Instagram worst social network for youth mental health, report finds
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The Royal Society for Public Health (RSPH) joined forces with the Young Health Movement on a study into the impacts of social media on young people’s mental health, and found that Instagram could be the most psychologically damaging social network.
The organisations conducted a survey of almost 1,500 young people living in UK, asking them to score the most popular social media platforms according to their impact on aspects of health and wellbeing such as quality of sleep, depression, anxiety, body image, real world relationships, and fear of missing out (FOMO).
Their report, #StatusofMind, includes a “league table” of social media platforms based on the survey responses, ranking the platforms by their impact on young people’s mental health.
YouTube was ranked as most beneficial of the five most popular platforms, followed by Twitter and then Facebook. Photo-centric Snapchat and Instagram appeared at the bottom of the ranking.
The organisations behind the report are calling for government action – as well as action from social media companies – to tackle the negative impacts of social media, while promoting the positive aspects.
“For young people, using social media and digital technologies as a tool to help with mental health makes sense for many reasons. Social media is part of their daily lives and so care could be delivered in a lifestyle-integrated, self-managed approach,” said Dr Becky Inkster, a University of Cambridge neuroscientist.
“This holistic perspective could integrate personal interests and activities. It might help improve psychoeducation, increase self-awareness of mental health and act as a preventative measure.”
The report’s recommendations include the implementation of pop-up warnings making users aware of heavy social media usage (which is supported by 71 per cent of survey respondents), highlighting when photos of people have been digitally manipulated (supported by 68 per cent) and requiring social media companies to identify users likely to be suffering from mental illness and signpost support (supported by 80 per cent).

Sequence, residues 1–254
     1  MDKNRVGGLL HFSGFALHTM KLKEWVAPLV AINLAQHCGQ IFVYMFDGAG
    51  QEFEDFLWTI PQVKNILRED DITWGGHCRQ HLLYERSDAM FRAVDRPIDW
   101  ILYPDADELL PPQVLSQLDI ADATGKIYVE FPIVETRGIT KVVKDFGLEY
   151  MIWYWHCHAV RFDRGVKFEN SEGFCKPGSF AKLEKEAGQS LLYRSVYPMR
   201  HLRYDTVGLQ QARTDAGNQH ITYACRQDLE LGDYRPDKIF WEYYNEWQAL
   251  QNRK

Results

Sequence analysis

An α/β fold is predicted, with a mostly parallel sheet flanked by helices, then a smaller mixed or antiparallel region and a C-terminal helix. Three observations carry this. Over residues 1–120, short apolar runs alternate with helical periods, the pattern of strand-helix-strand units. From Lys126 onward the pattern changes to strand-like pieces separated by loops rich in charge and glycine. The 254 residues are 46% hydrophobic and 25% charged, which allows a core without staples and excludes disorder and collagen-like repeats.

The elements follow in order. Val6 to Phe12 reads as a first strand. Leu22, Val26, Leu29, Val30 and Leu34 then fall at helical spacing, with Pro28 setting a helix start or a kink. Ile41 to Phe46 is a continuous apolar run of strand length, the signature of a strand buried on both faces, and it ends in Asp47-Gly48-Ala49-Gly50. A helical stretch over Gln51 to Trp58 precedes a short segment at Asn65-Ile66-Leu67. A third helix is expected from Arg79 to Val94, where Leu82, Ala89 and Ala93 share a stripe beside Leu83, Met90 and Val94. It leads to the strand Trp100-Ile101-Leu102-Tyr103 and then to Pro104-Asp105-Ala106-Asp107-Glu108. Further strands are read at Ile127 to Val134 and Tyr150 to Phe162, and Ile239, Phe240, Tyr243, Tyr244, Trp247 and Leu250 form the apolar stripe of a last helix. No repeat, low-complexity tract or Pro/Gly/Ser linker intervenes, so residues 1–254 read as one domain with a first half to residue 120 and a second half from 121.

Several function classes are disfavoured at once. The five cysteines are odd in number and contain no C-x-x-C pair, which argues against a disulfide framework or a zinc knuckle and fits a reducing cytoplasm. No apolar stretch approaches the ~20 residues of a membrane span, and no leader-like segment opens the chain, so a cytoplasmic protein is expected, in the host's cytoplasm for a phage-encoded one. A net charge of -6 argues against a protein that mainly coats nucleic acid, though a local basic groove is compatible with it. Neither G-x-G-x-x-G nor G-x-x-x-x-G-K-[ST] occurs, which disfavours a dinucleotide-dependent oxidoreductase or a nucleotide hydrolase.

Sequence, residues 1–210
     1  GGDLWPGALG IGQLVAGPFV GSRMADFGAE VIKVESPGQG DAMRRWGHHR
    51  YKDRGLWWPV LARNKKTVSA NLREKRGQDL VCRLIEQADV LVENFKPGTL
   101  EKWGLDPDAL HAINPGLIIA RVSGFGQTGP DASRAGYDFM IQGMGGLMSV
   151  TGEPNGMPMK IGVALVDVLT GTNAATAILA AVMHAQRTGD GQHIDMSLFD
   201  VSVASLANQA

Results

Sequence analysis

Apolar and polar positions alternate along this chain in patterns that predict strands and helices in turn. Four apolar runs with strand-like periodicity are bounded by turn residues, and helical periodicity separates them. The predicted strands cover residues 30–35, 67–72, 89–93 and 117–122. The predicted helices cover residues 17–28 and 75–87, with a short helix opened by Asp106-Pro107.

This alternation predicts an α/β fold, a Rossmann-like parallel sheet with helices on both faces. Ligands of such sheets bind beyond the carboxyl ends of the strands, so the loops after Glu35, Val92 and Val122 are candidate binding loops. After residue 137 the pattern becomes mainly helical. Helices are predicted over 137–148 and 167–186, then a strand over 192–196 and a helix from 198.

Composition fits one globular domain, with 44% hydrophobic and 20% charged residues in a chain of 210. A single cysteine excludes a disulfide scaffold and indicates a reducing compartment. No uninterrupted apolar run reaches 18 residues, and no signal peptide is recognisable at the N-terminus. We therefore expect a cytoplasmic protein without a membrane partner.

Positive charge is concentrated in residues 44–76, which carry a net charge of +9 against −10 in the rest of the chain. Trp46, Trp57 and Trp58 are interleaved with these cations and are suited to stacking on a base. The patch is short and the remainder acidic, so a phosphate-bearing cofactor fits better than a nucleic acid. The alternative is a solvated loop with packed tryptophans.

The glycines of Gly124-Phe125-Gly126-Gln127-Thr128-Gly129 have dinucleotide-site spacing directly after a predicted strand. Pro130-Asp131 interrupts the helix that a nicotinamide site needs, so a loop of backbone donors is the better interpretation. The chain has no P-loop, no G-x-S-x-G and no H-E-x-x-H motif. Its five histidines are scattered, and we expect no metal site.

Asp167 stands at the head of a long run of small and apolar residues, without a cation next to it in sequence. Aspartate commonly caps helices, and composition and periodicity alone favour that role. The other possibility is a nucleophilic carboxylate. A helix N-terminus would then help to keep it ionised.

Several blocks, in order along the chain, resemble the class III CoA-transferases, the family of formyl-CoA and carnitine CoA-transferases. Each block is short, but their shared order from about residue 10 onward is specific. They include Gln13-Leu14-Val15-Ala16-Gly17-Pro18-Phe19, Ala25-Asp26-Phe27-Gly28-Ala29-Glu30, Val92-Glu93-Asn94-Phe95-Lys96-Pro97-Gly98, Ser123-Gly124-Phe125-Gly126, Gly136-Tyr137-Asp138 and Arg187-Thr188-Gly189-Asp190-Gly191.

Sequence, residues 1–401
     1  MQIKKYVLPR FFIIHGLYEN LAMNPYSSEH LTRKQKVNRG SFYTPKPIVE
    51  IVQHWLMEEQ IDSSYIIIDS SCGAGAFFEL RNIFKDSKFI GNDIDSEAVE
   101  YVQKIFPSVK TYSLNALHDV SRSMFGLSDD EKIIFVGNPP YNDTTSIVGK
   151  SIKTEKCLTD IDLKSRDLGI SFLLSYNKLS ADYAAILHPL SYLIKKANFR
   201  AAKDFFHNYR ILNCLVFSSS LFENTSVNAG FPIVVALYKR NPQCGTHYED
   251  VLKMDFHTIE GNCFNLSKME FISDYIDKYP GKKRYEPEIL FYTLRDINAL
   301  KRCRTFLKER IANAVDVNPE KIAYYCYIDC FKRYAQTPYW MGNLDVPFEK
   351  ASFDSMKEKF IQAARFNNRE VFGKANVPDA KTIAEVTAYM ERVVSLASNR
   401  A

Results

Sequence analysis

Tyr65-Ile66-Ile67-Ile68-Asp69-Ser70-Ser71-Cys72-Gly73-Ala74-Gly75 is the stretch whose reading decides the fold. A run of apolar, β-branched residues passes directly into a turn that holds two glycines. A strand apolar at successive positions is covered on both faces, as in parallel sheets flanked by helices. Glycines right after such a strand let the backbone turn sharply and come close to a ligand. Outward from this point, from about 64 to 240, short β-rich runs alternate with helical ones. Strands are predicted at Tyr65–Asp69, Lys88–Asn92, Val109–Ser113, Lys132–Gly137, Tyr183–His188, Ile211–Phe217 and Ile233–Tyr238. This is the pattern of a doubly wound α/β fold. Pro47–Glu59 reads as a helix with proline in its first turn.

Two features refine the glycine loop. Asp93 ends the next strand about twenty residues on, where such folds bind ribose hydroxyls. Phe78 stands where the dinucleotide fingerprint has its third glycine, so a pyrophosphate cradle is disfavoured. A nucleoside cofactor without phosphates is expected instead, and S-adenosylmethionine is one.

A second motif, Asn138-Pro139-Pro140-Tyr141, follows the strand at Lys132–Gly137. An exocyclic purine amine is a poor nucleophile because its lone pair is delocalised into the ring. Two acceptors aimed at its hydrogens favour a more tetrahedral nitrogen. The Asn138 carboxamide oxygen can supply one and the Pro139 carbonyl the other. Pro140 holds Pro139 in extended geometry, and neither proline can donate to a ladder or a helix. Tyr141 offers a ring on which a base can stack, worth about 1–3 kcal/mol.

“Social media has been described as more addictive than cigarettes and alcohol, and is now so entrenched in the lives of young people that it is no longer possible to ignore it when talking about young people’s mental health issues,” said Shirley Cramer, chief executive of the RSPH. “It’s interesting to see Instagram and Snapchat ranking as the worst for mental health and wellbeing – both platforms are very image-focused and it appears they may be driving feelings of inadequacy and anxiety in young people.
“As the evidence grows that there may be potential harm from heavy use of social media, and as we upgrade the status of mental health within society, it is important that we have checks and balances in place to make social media less of a wild west when it comes to young people’s mental health and wellbeing.
“We want to promote and encourage the many positive aspects of networking platforms and avoid a situation that leads to social media psychosis, which may blight the lives of our young people.”
During a recent visit to a school in West London, Prince William, the Duke of Cambridge and second in line to the throne, warned school students not to “spend all day online” in order to look after their mental health.